all of these places that we’re talking about strategically and thoughtfully and not as an afterthought. And so, it’s how can fundraising be more integrated in the branding exercise and then all the different places that it could be show up when we talk about those board materials or we talk about the thought leadership piece, if we’re also thinking how is that going to fit with the next major gift ask or the next cause marketing campaign, it’s amazing.

So I think the challenge is that we often have marketing teams see fundraising as the after, oh, now that we’ve built the brand and now that we’ve built the loyalty and now that we’ve brought people in, now the fundraisers can receive the handoff. And as a fundraiser, I want us to be in all of those places all the way along, not the afterthought. And that tends to be a point of tension. Even more. And then I have some specific tools, and Jordana talked about this that really are my tools that are fundraising, but marketer who knows how to fundraise is like the greatest asset. I frankly don’t want to be writing those letters. I want a kick ass marketer who knows fundraising to be writing those. Because I would like to be out building the fundraising relation, the relationships. And I think, then it’s whose job is that becomes the big negotiation sometimes, like then is it the fundraiser or the marketer? And I want it to be the marketer who knows fundraising. So, that’s just a few thoughts from the fundraiser here. And my dream is the scenario where these two parts of an organization have deep respect and much deeper integration than I see in the vast majority of organizations. And I think we’d all be better for it honestly, if we could get that to happen. 

44:43 Mallory Erickson: Heather, you said so many important things there and I agree. I think when I feel like we’re so afraid to invite a call to action that invites people to invest in the organization when we’re so afraid to incorporate that into these other campaigns as well. And we silo fundraising in that way. It’s really hard, and I know we share a lot of beliefs about what good fundraising is, that the movement of money is one expression of our values, just like signing a petition, just like doing these other things. And when we pretend it’s this other thing, this big sacrifice that someone’s doing us this big favor around that they really didn’t want to do, they really wanted to sign that petition, but they had to be guilted into giving. That’s a little bit of the narrative that sits in these camps that sort of underlies this. Whereas if we believe that investing is one way we express our engagement, one way we express our values as people, that it’s an incredible opportunity. It changes then, I think how we think about where it can live, and maybe that’s for me why I’ve seen the two intersect so much more. One thing I just want to double click is this piece around the need for fundraisers and marketers to come together inside organizations and inside this community. There’s stigma around both roles and there’s stigma around the nonprofit sector in general. I almost posted a poll on LinkedIn the other day that was like, what word makes you cringe the most, fundraising, marketing, or sales? That be a fun, friendly little competition. But everyone has their biases, everyone has their things. And this puts marketing, Heather, like you were saying, and so many of you have said, this often pits marketing and fundraising against each other. If you all listening to this, can come together and realize that the sinking of your departments, that the de-stigmatization of each other’s roles in your own brains is only going to help you ultimately achieve the goals that are on your list and it’s going to feel a lot better because you’re going to get to operate in community inside your organization instead of silos. I think there’s a lot of opportunity there.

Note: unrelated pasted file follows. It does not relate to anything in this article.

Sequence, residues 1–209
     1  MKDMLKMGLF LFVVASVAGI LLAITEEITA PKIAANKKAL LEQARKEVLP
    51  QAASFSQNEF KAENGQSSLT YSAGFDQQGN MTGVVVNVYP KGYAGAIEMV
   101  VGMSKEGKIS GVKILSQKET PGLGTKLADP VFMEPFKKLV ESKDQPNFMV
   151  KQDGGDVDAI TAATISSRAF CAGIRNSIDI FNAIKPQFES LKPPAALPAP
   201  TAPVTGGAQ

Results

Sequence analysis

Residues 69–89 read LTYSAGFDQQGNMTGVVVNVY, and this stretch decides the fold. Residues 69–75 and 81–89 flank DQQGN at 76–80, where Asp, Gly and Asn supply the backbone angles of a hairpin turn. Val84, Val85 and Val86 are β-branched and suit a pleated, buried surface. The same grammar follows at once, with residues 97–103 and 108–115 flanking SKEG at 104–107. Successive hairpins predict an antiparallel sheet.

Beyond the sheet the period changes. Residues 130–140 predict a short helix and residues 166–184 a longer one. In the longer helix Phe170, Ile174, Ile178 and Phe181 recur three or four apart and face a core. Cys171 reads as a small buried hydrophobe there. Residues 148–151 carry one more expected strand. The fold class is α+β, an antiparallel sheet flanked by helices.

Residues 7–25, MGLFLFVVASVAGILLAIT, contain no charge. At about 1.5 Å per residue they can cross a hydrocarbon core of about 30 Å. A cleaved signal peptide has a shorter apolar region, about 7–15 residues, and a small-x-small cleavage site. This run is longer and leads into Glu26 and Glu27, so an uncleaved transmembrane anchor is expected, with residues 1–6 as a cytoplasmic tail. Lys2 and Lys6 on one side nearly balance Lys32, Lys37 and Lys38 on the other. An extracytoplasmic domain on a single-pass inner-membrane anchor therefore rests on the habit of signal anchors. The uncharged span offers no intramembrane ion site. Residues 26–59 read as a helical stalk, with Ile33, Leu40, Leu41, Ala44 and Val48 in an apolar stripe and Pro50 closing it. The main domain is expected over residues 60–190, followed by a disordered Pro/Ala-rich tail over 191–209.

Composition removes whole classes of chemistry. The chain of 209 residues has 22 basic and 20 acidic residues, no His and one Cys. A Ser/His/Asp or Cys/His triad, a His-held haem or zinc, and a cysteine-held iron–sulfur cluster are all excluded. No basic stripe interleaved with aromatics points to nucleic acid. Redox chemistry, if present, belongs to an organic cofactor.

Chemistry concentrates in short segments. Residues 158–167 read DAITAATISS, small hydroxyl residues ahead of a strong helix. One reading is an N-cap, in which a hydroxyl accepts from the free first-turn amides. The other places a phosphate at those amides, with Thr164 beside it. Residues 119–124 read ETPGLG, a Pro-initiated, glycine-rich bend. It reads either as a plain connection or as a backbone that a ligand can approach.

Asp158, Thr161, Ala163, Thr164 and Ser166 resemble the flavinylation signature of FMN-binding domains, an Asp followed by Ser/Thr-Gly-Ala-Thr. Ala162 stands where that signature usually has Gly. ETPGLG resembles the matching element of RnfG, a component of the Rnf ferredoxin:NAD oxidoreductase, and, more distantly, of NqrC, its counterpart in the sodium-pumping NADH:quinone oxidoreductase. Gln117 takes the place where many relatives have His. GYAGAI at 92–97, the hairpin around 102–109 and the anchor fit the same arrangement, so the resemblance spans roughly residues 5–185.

47:01 Yes to all of that. Yes, to working together. Again, I think like a good marketing plan supports overall goal. So, it’s not like marketing is just working on the side over here because the marketer thinks that this is a good thing to post today. Like it’s part of a bigger picture plan. And I know there’s this perception that, as we’ve said, like the fundraising supports a more immediate need. There are deadlines around that, and especially at year end, like we have to work toward that goal for the calendar year. But the marketing piece, it supports all of that. It’s a funnel toward that. I hear often, we need to get in front of new donors, but how do you expect to get in front of new donors if no one knows who you are? And how is anyone going to know who you are? You’re not focusing on marketing and having a consistent message and investing in your brand and the communications, right?

All of those pieces should be working together with the fundraising piece. And this is coming from a marketer who does enjoy the fundraising marketing, but the other pieces are also important. You need the awareness raising piece in order to support the fundraising piece. So yeah, here’s too, getting rid of the silos.

48:05 So one of the ways an old boss of mine used to put our work is that we’re in the business of the three Rs, Revenue, Reputation, and Relationships. And so, when we’re talking about how we break down this silo, for me a big part of it is this high level goal. All of our work together is contributing towards us getting those three Rs into Mallory’s points, lots of ways we can’t even calculate or keep track of. So, I think there’s a level where in strategic visioning when we’re planning to Heather’s point, how do we all have a seat at the table together and think about this really broadly about where our work is influencing each other. Then there’s the level of actual campaigns. So, for me, coming from higher ed, one of the biggest projects I do in a given year is a day of giving. Is that marketing or is that fundraising? Because it’s a lot of both chopped up together. But when you bring the two teams to the table and you really have that shared ownership, wow, we can really drive a lot of progress to both of our individual team’s goals at the same time, which for me, it is really exciting. I love that.